Dynamic susceptibility contrast magnetic resonance imaging is widely used to assess glioma grade; histogram analyses are used for precise tumor perfusion evaluations. We evaluated the effect of vessel contamination in normalized cerebral blood volume (nCBV) to differentiate high- and low-grade gliomas.Methods
Thirty-four patients with gliomas underwent dynamic susceptibility contrast magnetic resonance imaging. Both traditional and vessel-masked nCBV maps were constructed. Histogram analyses of whole tumors and statistical comparisons were performed to compare traditional and vessel-masked images.Results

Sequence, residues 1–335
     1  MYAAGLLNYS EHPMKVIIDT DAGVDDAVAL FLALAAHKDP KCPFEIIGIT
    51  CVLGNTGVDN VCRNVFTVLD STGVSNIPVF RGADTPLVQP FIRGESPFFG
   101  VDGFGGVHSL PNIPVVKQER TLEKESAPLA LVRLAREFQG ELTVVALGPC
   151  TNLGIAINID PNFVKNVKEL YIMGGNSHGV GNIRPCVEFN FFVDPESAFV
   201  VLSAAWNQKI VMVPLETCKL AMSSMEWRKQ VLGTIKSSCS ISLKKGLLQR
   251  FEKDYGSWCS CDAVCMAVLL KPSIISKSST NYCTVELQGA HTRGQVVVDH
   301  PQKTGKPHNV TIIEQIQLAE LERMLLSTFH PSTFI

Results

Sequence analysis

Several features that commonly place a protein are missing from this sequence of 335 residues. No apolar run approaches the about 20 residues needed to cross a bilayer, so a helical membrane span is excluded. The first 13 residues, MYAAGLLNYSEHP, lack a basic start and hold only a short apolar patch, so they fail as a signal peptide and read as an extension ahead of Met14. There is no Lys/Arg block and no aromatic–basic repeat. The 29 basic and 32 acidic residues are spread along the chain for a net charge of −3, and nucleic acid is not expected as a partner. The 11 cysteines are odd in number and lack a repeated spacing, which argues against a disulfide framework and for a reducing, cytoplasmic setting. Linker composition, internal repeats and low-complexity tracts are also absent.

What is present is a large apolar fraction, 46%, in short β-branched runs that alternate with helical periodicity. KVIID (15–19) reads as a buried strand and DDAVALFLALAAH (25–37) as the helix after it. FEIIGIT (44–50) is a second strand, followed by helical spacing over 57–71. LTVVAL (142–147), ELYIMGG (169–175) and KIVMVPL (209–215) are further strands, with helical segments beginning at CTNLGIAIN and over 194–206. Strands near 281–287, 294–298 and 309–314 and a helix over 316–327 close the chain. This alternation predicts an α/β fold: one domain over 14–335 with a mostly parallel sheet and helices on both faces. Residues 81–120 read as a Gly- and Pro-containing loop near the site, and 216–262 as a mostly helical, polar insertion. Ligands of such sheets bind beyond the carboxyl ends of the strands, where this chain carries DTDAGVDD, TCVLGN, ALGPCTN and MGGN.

Mean values of all the histogram metrics were lower in vessel-masked images than in traditional images. Receiver operating characteristic curve analyses for every histogram metric showed a higher area under the curve for vessel-masked images than for traditional images. The integrated discrimination improvement showed that the vessel-masked images were superior to the traditional images significantly for predicting the glioma grading.Conclusions
Vessel-masked nCBV maps can prevent overestimations of CBV measurements and can improve diagnostic accuracy for glioma grading.